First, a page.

Public Pension Plans: Connecticut has the Worst in the Country

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Pension Plans

State governments across the country continue to struggle funding their pension plans. The unfunded liabilities of public pension plans reached more than $6 trillion this year, up $433 billion from last year.

The national funding average is just 33.7% or $18,676 of unfunded liabilities per U.S. resident, according to a report published by the American Legislative Exchange Council (ALEC).

In the report, ALEC noted that majority of state governments consistently fail to make their annual require contribution (ARC). In fact, some states skip their ARC payments. As a result, the unfunded liabilities of public pension funds surge.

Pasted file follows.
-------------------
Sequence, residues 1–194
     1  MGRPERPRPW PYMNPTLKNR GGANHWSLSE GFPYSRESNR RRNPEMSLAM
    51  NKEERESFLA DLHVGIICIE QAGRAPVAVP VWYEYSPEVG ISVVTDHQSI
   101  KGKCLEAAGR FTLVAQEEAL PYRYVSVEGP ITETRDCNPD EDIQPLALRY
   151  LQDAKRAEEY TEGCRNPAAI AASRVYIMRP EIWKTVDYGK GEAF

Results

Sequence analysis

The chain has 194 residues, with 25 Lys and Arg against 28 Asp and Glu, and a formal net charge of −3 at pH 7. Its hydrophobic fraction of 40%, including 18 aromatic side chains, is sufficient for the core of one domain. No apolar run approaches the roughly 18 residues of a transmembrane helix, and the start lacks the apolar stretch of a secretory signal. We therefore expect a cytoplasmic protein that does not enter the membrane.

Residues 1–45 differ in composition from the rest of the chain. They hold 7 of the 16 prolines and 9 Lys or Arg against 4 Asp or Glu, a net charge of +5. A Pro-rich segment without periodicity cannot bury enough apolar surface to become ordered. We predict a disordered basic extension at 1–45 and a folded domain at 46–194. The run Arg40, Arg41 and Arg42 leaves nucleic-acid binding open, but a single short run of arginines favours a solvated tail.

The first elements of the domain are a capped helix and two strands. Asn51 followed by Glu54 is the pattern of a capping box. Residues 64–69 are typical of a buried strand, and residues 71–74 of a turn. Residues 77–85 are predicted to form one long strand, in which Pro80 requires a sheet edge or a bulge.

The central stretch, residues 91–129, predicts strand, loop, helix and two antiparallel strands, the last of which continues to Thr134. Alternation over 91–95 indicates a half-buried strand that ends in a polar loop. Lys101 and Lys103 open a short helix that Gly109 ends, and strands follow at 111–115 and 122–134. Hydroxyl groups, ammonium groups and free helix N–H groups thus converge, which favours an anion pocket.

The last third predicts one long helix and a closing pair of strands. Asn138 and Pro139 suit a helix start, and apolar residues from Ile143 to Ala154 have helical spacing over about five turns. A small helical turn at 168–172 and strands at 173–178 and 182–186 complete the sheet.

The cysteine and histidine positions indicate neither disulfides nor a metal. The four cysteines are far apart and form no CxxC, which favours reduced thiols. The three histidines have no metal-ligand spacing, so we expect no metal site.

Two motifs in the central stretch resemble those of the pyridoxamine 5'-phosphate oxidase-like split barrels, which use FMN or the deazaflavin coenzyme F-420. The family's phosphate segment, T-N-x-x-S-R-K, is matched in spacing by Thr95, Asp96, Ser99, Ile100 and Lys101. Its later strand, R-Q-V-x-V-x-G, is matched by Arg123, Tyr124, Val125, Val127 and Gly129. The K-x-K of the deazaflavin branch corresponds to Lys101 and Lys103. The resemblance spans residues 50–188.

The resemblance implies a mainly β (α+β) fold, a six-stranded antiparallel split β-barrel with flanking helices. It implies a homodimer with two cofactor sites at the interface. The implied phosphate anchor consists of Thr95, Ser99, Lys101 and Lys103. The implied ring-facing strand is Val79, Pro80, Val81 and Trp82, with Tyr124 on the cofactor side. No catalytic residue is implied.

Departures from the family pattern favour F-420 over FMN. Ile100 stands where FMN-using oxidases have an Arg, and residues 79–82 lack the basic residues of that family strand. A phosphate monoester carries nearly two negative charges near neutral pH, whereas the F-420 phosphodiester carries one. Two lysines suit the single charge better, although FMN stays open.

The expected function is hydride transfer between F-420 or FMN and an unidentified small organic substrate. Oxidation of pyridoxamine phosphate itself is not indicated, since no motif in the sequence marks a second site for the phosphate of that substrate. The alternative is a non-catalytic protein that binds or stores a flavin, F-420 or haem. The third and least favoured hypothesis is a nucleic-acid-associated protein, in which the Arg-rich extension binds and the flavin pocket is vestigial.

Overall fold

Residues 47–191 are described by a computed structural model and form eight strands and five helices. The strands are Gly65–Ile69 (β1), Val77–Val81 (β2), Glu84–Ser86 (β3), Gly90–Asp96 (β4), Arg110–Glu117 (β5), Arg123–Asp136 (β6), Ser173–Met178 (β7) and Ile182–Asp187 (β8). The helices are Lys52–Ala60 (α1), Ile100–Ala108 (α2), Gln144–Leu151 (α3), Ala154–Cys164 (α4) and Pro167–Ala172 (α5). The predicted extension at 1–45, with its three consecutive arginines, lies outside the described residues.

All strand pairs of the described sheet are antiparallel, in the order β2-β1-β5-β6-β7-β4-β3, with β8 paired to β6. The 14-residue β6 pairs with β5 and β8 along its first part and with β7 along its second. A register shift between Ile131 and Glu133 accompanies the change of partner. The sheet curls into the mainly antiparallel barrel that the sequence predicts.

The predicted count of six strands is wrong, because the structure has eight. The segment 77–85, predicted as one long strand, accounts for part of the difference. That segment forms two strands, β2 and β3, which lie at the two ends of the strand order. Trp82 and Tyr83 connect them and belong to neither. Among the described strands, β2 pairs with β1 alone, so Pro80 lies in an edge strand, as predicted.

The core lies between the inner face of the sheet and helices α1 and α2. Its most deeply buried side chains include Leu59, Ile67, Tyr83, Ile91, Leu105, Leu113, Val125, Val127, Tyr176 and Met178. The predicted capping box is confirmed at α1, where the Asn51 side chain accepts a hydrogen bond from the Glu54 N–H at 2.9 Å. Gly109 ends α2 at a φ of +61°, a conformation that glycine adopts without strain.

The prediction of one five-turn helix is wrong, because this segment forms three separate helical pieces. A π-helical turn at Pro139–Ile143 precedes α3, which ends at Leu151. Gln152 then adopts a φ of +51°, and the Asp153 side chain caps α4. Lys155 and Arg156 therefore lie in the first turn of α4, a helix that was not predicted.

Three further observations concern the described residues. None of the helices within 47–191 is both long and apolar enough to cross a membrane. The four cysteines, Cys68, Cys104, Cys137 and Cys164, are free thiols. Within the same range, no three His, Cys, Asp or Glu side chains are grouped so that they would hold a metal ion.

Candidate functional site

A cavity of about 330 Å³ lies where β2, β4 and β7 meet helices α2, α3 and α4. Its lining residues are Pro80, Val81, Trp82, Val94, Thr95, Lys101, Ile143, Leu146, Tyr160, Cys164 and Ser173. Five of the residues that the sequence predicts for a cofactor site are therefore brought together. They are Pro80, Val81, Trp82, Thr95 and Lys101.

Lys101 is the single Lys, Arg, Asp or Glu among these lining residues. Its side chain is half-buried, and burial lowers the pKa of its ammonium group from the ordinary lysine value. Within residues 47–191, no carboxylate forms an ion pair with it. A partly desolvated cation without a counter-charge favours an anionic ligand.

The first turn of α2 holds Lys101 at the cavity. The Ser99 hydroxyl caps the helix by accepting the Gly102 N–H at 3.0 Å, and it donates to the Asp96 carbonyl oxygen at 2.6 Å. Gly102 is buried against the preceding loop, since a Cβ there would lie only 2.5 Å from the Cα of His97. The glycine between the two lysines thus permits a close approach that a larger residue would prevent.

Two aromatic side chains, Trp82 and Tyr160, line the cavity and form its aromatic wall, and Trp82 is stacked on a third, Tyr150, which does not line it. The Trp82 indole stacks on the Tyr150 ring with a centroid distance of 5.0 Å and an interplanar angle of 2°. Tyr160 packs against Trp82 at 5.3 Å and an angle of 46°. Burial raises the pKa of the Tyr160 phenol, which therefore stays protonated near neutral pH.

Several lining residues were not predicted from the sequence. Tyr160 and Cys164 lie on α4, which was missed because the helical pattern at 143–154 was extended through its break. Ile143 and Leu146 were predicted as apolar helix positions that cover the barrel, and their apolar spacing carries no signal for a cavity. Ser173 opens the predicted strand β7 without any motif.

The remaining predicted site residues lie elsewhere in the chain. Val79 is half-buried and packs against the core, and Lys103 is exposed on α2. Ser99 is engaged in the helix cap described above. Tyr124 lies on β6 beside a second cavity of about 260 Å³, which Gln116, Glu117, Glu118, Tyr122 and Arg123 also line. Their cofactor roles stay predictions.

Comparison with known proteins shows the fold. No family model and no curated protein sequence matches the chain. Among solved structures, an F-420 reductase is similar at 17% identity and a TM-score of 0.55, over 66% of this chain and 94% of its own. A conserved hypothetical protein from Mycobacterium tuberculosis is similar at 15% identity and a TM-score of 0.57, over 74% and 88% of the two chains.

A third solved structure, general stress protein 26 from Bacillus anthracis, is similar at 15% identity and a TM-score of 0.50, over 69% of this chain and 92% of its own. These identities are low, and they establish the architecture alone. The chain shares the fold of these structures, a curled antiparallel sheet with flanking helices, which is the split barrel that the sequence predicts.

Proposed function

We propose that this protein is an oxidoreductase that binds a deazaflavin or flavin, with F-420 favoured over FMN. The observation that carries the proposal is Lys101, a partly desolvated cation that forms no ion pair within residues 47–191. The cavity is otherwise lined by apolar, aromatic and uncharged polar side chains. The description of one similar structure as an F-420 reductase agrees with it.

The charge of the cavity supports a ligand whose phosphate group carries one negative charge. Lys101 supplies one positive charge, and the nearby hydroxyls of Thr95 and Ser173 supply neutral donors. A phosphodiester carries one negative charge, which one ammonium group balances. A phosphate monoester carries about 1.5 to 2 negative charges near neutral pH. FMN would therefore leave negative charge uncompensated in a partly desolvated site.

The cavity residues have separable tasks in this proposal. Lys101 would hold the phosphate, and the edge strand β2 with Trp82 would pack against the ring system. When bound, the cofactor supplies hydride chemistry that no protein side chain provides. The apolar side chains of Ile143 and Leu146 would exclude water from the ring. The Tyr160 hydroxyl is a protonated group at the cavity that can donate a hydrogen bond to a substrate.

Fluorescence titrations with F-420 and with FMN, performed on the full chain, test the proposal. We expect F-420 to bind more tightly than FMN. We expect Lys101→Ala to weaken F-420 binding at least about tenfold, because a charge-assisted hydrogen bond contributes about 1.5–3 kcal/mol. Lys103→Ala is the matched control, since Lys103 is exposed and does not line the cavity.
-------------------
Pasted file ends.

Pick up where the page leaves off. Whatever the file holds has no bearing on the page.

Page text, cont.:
In terms of funding ratio, Connecticut is the worst with only 19.7%, down by 3.1% from last year. It is one of the four states to set retiree benefits through collective bargaining.

This year, Connecticut’s unfunded pension liability is $127.7 billion, up from $99.2 billion in 2016.  The debt from the public pension plan is $35,721 per person in the state.

Pension fund mismanagement

Thurston Powers, co-author of the report, said, “These figures represent a history of pension fund mismanagement.” He also stated that it the result of “an ongoing unwillingness to pursue meaningful reform.”